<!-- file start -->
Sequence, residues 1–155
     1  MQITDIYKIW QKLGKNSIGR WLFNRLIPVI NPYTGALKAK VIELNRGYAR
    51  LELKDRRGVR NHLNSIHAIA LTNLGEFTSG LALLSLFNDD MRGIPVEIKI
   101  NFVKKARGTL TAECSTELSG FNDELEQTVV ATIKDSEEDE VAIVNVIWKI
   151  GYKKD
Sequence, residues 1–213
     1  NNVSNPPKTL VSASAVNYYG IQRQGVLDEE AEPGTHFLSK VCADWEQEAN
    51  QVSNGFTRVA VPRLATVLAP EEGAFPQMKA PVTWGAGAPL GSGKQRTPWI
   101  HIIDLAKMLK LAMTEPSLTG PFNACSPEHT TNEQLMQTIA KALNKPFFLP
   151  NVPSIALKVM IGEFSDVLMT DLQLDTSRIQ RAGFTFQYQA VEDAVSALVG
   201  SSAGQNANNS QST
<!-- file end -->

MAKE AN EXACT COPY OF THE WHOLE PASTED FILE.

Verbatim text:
Sequence, residues 1–155
     1  MQITDIYKIW QKLGKNSIGR WLFNRLIPVI NPYTGALKAK VIELNRGYAR
    51  LELKDRRGVR NHLNSIHAIA LTNLGEFTSG LALLSLFNDD MRGIPVEIKI
   101  NFVKKARGTL TAECSTELSG FNDELEQTVV ATIKDSEEDE VAIVNVIWKI
   151  GYKKD
Sequence, residues 1–213
     1  NNVSNPPKTL VSASAVNYYG IQRQGVLDEE AEPGTHFLSK VCADWEQEAN
    51  QVSNGFTRVA VPRLATVLAP EEGAFPQMKA PVTWGAGAPL GSGKQRTPWI
   101  HIIDLAKMLK LAMTEPSLTG PFNACSPEHT TNEQLMQTIA KALNKPFFLP
   151  NVPSIALKVM IGEFSDVLMT DLQLDTSRIQ RAGFTFQYQA VEDAVSALVG
   201  SSAGQNANNS QST